Chinese whistle-blowers face jail after revealing coronavirus response secrets

Two men who posted revelations about the early days of the coronavirus outbreak in China face trial, charge with “picking quarrels and provoking trouble”.

Chen Mei and Cai Wei were arrested in the Chinese capital Beijing on April 19, after publishing articles about the beginning of the pandemic online.

One of reports they published about the coronavirus was an interview with Wuhan doctor Ai Fen that was originally published by China’s Renwu (People) magazine.

Ai Fen, who was director of emergency medicine at Wuhan Central hospital, said she was disciplined in December last year after issuing a warning about of a Sars-like virus that appeared to be spreading in the Chinese city.



The interview was deleted from the Renwu site within hours of being uploaded.

“If I had known what was to happen, I would not have cared about the reprimand. I would have f***ing talked about it to whoever, where ever I could,” she said in the interview.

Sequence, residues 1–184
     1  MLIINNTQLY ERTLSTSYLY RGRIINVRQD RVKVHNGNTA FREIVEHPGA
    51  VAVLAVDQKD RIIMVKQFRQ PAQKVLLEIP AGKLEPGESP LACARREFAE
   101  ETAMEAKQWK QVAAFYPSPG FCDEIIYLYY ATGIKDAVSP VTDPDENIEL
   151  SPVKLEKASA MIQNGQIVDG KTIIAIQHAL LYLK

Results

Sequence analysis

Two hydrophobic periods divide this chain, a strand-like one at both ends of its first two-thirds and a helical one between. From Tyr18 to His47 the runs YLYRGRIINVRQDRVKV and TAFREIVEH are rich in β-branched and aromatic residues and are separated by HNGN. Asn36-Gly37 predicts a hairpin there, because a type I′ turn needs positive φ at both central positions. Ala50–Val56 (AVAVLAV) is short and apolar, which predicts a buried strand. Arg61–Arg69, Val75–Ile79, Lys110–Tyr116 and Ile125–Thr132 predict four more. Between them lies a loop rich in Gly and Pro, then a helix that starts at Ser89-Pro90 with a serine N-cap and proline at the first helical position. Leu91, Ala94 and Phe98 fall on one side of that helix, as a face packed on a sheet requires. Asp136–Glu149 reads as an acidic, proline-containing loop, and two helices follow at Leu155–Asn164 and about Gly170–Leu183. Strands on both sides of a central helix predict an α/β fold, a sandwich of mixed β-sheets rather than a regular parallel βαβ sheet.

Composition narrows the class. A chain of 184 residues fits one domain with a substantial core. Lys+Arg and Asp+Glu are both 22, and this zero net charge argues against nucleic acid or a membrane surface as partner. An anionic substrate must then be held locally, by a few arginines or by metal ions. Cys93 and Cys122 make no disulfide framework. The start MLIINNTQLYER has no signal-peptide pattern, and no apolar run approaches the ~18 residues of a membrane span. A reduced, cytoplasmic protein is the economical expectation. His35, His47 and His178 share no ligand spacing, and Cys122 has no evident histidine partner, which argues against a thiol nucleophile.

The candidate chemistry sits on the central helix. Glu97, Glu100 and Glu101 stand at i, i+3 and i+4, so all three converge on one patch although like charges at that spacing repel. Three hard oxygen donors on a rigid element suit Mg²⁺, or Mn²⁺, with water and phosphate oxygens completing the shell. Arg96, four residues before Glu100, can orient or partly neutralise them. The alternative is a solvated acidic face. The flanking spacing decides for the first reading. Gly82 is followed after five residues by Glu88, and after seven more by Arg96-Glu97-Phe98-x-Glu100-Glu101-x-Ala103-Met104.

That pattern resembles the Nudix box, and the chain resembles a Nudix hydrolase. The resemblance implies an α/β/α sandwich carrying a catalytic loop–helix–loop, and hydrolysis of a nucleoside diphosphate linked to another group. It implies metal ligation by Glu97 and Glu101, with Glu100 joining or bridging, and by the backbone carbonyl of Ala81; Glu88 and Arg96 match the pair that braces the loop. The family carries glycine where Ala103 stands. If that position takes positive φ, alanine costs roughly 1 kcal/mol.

The “provoking trouble” offence, routinely used by the Chinese government to silence dissidents, is deliberately vaguely defined.



Chinese whistle-blowers face jail after revealing coronavirus response secrets

Chen Kun, Chen Mei’s older brother, says that the pair have been appointed legal counsel by the government. He says that he doubts that they would have voluntarily applied for legal aid.

“It’s a clear attempt to keep the family’s hired lawyers from intervening,” he told the South China Morning Post.

“We do not accept the officially appointed lawyers and we believe that this was a last resort for Chen Mei, under pressure and threat from the police,” he said.

“The decision does not represent what he really thinks.”



Chinese whistle-blowers face jail after revealing coronavirus response secrets

Chen Kun said he hoped the court-appointed the lawyers “will have a conscience and not aid and abet the evildoers”.

He said: “Otherwise I will prosecute them for their involvement in political persecution before all possible international bodies.”

Cai’s girlfriend, named in Chinese media reports as Tang, was arrested at the sam time as the two men, but released on May 10.

She is also awaiting trial, according to a source.

The Chinese authorities have been criticised for their response to the outbreak, and several whistle-blowers who tried to post warnings about the deadly disease have been silenced or arrested.

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